As soon as the confetti dropped after President Obama's speech, many people were already thinking to the months ahead. The capacity audience at the Charlotte Bobcats Arena (a last-minute change in venue from the much larger Bank of America Stadium) was excited, energized, and ready to start the final stretch of the campaign. And with the arena roaring with a thrilling enthusiasm, it could have been easy to get lost in the excitement of that new beginning.
But for me the moment was bittersweet because it wasn't a beginning, it was the end of one of the most exciting experiences of my life. I spent this past summer, the last one before I headed off to my freshman year at the University of North Carolina, as an intern with the Democratic National Convention Host Committee. It is impossible to describe the swell of emotions inside of me as I witnessed President Obama's reelection bid, this shining moment that my entire office had been building towards. I was obviously proud of the job we'd done, disappointed in some of the setbacks along the way, and saddened by the closing of a chapter of my life.
But beyond all of these emotions, I felt something more. I felt as though something inside of me, something that had been churning and growing within me for years, was finally fulfilled. I had been a part of something bigger than myself, and not just something tangible like the celebrations or the speeches or the convention as a whole. I had been part of the democratic process; I had helped create the moments that would shape this election; and in doing so, I helped shaped my future and create a lasting impact on the world.
Now, I get that I did not directly impact the confetti moment. I wasn't some major part of the committee that planned and executed this convention, nor did I play a direct role in the speeches or in the campaign leading up to it. But I did play a part, and I have come to appreciate how every part matters. I worked to help raise the money to throw the convention, though this was unlike any other convention of the modern age. Rather than rely on the money of corporations and lobbyists, the DNC was funded by the contributions of individuals, who were limited to a maximum donation of $100,000. This was actually a campaign promise of Senator Obama in 2008, to reform campaign finance reform so that the rich did not have an unfair influence in politics.
This idea, along with many others, struck a chord with me, motivating me to get involved. As a young American, it is important to find something that inspires you, that makes you want to change the world. We have to create an impact on the future, because we are the ones that are going to be living there. This election will set the course for our generation, on every issue from finance reform, to health care, to civil rights. We truly stand at a crossroads this November, and we all have a stake in this election. I was able to see firsthand that President Obama is a man of his word, that the rhetoric of the convention was put into play in reality, even if it came at a cost. My involvement and the front row seat it gave me in the political process helped affirm my faith in that process and motivate me to continue to be involved.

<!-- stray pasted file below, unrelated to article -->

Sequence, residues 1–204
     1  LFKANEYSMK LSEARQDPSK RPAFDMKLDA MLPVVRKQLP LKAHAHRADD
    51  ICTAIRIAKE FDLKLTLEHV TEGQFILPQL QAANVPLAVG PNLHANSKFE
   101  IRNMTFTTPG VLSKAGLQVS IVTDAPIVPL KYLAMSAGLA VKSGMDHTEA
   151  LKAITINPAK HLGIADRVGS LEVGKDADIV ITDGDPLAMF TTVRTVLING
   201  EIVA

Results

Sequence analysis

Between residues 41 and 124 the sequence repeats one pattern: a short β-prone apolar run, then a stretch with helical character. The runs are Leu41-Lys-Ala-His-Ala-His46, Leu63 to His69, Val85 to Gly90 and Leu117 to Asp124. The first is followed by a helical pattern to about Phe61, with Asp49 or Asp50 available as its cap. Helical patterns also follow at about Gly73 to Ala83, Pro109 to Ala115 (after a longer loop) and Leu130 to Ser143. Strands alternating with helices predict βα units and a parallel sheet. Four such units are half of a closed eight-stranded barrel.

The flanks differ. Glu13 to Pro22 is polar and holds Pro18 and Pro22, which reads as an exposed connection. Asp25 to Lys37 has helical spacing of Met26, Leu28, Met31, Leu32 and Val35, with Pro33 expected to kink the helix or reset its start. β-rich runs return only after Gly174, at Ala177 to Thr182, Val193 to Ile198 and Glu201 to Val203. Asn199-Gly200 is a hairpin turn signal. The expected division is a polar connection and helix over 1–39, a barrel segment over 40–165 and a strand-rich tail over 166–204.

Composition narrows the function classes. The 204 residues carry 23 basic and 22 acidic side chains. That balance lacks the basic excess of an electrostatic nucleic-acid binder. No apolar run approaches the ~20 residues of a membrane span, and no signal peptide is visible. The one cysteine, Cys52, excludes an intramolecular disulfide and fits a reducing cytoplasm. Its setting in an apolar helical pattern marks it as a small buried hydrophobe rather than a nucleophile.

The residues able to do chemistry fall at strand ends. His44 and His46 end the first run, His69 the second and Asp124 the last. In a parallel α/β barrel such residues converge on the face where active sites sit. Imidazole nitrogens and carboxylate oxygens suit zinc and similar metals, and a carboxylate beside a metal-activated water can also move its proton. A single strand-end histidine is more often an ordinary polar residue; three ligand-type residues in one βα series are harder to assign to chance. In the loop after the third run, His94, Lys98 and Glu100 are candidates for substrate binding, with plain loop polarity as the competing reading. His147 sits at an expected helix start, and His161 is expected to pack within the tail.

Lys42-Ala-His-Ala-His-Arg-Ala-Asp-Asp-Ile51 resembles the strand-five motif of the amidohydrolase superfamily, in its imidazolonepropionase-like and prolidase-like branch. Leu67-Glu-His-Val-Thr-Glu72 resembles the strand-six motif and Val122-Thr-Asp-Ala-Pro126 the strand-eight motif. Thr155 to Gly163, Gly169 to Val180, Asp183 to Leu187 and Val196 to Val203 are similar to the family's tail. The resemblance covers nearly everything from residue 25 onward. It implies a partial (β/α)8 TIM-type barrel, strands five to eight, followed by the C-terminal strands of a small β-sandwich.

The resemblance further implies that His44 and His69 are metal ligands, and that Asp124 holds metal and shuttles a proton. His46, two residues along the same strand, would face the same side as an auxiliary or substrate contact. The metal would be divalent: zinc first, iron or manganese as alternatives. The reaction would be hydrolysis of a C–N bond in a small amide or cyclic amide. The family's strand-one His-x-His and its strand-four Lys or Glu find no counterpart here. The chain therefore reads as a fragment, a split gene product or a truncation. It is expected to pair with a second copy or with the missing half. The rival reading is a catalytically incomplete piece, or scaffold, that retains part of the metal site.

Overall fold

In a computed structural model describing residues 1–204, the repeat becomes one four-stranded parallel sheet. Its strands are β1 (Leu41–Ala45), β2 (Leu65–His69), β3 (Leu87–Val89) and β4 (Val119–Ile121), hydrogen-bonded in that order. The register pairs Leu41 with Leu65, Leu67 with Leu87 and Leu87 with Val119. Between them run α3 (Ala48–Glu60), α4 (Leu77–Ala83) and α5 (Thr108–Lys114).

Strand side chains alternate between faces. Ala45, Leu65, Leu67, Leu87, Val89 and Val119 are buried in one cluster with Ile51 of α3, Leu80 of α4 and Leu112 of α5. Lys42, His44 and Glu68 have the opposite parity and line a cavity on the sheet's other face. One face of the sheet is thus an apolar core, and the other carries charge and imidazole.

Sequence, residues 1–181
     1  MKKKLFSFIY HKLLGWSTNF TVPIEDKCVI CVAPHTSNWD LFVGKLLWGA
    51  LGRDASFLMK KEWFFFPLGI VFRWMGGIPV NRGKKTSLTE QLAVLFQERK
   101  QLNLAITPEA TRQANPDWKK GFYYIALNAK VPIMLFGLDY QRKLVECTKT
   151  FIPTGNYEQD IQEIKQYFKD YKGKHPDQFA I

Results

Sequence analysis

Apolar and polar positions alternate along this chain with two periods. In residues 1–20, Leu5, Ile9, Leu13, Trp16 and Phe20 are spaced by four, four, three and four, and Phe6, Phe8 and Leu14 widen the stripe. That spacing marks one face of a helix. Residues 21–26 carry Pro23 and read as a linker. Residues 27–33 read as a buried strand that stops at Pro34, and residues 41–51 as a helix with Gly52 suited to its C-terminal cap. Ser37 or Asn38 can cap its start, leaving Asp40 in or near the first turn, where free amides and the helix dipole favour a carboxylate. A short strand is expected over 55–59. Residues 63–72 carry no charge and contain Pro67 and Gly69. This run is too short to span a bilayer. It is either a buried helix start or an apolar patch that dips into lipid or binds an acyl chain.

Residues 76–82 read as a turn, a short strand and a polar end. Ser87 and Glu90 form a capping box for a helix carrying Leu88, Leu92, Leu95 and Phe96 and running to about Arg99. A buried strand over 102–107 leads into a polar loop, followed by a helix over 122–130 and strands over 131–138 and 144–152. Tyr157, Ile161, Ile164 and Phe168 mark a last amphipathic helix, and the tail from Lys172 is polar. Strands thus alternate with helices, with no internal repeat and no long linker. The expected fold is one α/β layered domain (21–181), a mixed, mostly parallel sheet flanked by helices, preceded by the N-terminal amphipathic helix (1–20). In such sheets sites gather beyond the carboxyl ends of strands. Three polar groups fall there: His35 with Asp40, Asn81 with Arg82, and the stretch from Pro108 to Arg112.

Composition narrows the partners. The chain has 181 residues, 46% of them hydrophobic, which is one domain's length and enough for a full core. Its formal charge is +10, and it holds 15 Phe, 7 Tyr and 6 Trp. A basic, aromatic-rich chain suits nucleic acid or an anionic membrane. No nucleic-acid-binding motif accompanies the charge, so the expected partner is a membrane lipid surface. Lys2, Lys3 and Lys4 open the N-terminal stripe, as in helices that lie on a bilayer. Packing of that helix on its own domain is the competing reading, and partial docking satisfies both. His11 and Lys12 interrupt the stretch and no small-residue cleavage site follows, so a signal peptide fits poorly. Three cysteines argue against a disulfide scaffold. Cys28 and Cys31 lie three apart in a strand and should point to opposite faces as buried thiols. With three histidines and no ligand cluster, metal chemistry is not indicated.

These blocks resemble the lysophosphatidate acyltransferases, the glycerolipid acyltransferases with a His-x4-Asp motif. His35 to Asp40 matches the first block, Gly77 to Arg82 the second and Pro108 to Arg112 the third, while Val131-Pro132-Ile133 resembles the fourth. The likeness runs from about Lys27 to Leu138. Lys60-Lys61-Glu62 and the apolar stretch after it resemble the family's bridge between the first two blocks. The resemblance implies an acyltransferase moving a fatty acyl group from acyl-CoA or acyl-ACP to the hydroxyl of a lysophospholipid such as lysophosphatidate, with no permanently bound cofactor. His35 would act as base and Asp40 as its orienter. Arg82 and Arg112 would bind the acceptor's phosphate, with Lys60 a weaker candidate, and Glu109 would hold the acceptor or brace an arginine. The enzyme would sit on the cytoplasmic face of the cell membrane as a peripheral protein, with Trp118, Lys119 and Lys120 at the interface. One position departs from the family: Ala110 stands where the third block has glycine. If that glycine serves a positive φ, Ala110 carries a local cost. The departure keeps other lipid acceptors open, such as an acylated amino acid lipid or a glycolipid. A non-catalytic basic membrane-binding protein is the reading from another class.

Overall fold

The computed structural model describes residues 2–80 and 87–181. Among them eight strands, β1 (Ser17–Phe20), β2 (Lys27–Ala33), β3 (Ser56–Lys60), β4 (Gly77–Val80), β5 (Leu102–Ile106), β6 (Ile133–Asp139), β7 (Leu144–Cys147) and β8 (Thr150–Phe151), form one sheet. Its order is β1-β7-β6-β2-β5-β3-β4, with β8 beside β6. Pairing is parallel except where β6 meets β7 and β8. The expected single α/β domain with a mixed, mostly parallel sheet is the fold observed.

But beyond the difference I want to make in the world, getting involved in politics, no matter at what level, allows you to be part of a movement. For the past three months I have worked with some of the most determined people, all of us striving to reach the same goal. I have been part of the collective roller coaster ride with each glorious success and disappointing failure. I was in a place with like-minded peers from all backgrounds where, regardless of whether we won or lost, we knew we all belonged. Being part of a campaign or a convention means being part of something that is larger than yourself, making an impact on the world that no one person could ever achieve alone.
This is the election for the teenagers of America to make our voices heard. I got involved because participating in our democracy is more than casting a single vote or voicing an opinion once. I got involved to make an impact on the system, because, like many of my peers, I don't want the pivotal issues that will change the course of this nation to be decided by a group of people who have no idea what ideals those of us that will be living in the future wish to live by. As teenagers we are always complaining that no one listens to us; that our opinions don't matter; that our voices will never be heard. But working together, as one collective voice, we will be impossible to ignore. And you lose the right to complain if that is all you do. Get out there and make a difference. I did and I am a better person for it.